Koeberg Power Station – Western Cape
Koeberg is the only nuclear power station in Africa.
It has a pressurised water reactor (PWR) design and is one of the safest PWR's in the world. Additionally, it is the most reliable Eskom power station and is vital for grid stability in the Cape.
But what is Nuclear Energy?
Nuclear energy is atomic energy. Energy can be harvested from the bonds elements share on an atomic level. When we talk about things that are atomic, we are referring to the smallest particles of matter.
Nuclear or atomic energy can be harvested from two different atomic interactions. Nuclear Fission, where atoms are split apart to form smaller atoms, and Nuclear Fusion - where atoms are bonded together to form larger atoms. In both scenarios, energy is released.
In the case of a nuclear power plant, nuclear fission is used to produce electricity.
The Advantages of Nuclear Power
No Greenhouse Gases
When it comes to producing electricity, nuclear energy produces far less greenhouse gases and other carbon emissions than the fossil fuel industry.
While the by-products of nuclear fission are radioactive and can be damaging to the environment, these by-products are stored, sealed and contained apart from the environment.
Nuclear energy can generate electricity regardless of weather and environmental patterns. This means that nuclear can be relied on as an energy source without a dependence on outside resources.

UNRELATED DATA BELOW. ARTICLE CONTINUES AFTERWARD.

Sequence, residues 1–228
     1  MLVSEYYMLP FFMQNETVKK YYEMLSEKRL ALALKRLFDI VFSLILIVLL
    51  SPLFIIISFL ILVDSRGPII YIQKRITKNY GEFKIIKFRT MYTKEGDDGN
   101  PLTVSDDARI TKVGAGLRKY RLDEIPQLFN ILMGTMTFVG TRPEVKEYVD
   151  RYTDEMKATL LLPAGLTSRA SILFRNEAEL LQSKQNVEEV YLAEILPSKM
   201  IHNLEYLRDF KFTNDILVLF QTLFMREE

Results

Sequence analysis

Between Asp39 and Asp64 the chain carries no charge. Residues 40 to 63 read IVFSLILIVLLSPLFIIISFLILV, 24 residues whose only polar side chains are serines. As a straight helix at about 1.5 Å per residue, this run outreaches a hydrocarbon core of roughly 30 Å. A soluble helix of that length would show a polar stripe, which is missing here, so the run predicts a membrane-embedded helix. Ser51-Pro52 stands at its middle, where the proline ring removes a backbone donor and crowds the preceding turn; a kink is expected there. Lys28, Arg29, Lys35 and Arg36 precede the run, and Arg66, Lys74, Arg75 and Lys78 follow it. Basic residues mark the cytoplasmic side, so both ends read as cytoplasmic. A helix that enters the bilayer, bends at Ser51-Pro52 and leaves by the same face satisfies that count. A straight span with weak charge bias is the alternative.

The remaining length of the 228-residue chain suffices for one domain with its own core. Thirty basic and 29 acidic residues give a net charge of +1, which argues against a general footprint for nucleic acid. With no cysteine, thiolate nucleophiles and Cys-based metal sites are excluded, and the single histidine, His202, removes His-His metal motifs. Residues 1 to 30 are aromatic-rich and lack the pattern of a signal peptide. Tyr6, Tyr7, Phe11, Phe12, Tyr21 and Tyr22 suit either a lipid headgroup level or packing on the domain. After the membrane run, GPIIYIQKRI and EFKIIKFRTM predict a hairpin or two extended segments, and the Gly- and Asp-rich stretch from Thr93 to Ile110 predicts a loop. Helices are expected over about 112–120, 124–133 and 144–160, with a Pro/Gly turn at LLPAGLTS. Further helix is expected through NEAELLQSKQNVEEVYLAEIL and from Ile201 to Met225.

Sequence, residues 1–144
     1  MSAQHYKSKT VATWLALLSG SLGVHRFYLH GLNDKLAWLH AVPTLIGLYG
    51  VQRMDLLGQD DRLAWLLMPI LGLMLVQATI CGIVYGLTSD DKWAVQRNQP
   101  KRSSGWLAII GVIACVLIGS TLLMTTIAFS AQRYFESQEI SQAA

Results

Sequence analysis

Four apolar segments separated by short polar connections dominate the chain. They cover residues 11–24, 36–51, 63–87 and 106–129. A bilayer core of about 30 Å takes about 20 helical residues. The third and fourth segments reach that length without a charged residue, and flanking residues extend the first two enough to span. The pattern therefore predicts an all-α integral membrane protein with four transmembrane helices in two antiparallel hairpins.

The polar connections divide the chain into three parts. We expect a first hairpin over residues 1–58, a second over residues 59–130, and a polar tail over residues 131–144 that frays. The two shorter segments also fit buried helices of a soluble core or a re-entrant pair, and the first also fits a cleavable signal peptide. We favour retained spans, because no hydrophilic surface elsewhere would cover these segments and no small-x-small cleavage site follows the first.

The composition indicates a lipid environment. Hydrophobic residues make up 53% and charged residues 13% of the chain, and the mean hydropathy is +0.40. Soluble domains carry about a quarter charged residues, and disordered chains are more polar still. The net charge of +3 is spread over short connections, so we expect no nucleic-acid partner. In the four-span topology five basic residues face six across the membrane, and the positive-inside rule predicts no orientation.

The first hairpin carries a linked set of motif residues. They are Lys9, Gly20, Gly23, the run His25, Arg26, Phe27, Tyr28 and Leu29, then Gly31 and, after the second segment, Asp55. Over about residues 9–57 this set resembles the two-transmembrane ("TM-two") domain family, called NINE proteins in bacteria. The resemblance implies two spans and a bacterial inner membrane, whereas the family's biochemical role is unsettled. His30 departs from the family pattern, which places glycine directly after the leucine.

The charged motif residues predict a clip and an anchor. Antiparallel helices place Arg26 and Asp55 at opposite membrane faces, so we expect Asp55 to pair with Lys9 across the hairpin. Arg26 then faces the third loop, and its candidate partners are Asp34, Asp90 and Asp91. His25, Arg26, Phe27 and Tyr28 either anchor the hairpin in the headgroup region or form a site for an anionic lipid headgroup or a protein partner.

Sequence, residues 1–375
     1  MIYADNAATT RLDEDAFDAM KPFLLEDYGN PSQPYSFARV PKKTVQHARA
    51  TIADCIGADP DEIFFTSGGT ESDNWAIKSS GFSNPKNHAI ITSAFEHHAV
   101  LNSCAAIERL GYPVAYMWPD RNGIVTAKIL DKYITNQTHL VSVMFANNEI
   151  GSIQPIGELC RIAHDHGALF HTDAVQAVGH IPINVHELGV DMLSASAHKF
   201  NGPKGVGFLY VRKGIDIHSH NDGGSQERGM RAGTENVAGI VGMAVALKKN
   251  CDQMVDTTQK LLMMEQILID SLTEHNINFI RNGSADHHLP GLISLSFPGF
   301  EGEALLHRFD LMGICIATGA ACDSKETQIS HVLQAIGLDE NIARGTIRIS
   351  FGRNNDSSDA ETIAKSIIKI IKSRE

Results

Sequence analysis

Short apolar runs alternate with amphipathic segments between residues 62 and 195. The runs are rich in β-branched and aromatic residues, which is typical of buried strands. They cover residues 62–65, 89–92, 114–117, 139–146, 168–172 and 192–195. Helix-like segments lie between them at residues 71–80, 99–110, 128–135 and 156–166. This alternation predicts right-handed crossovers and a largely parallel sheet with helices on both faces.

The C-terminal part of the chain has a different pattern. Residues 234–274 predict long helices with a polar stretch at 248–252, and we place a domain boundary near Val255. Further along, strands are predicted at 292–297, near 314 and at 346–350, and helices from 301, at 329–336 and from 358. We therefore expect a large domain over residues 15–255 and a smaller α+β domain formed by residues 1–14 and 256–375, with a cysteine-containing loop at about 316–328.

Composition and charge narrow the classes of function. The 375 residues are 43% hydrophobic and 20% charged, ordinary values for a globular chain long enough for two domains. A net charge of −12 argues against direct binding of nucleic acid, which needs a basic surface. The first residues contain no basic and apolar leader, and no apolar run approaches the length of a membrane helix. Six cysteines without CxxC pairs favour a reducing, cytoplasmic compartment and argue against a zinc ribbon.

Nuclear energy uses less uranium to produce the same amount of energy as coal or oil, which lowers the cost of producing the same amount of energy.
The procurement and transportation of uranium is also less expensive, which further lowers the cost.
The Disadvantages of Nuclear Power
The disposal of nuclear waste and its impact on the environment is one of the biggest concerns when it to nuclear energy.
Nuclear power plants, like other energy producing plants that burn coal, oil and natural gas, produce electricity by boiling water into steam. This steam then produces energy that turns turbines to produce electricity.
However, the difference is that nuclear plants do not burn anything. Alternatively, they use uranium fuel to produce electricity through nuclear fission.
Nuclear power plants use nuclear fission to obtain the heat needed to produce steam required to turn the turbines that then generate electricity.
Nuclear fission involves the splitting of uranium atoms in a nuclear reactor. The uranium fuel consists of small, hard ceramic pellets that are packaged into long, vertical tubes. Rods of this fuel are then inserted into reactors.
Once the fuel rods become depleted, they are retired. They are then stored on-site in special pools equipped with high-density racking.
Low to medium level waste is encased in steel containers and then enclosed again with concrete casing. These containers are then transported to a remote disposal site where they are carefully stored in specially designed holding cells which prevent radiation leaks and exposure.
Koeberg’s disposal site is Vaalputs, 600km away in the Kalahari Desert.
Koeberg is surrounded by a 3000-ha private game reserve owned by Eskom. The reserve is home to over 150 species of birds and half a dozen small mammal species.
It is the perfect example of how the production nuclear energy does not negatively affect the environment surrounding the nuclear power plant.
A lot of the negative nuclear energy views are based on “what ifs” and although these are warranted, they are not often based on the understanding of the facts or the processes.